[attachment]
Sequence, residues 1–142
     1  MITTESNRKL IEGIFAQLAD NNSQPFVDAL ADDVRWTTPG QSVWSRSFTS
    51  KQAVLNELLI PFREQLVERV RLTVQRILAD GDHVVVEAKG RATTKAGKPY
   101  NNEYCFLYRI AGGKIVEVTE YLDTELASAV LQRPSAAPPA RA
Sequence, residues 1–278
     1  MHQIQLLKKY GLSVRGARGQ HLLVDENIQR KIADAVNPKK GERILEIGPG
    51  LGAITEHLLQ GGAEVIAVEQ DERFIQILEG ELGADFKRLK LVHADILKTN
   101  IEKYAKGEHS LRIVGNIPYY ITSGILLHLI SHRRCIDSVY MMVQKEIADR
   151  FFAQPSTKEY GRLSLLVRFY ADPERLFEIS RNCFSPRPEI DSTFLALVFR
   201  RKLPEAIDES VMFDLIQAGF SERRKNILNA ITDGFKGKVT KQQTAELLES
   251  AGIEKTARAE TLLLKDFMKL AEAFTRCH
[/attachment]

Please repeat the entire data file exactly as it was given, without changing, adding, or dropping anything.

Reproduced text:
Sequence, residues 1–142
     1  MITTESNRKL IEGIFAQLAD NNSQPFVDAL ADDVRWTTPG QSVWSRSFTS
    51  KQAVLNELLI PFREQLVERV RLTVQRILAD GDHVVVEAKG RATTKAGKPY
   101  NNEYCFLYRI AGGKIVEVTE YLDTELASAV LQRPSAAPPA RA
Sequence, residues 1–278
     1  MHQIQLLKKY GLSVRGARGQ HLLVDENIQR KIADAVNPKK GERILEIGPG
    51  LGAITEHLLQ GGAEVIAVEQ DERFIQILEG ELGADFKRLK LVHADILKTN
   101  IEKYAKGEHS LRIVGNIPYY ITSGILLHLI SHRRCIDSVY MMVQKEIADR
   151  FFAQPSTKEY GRLSLLVRFY ADPERLFEIS RNCFSPRPEI DSTFLALVFR
   201  RKLPEAIDES VMFDLIQAGF SERRKNILNA ITDGFKGKVT KQQTAELLES
   251  AGIEKTARAE TLLLKDFMKL AEAFTRCH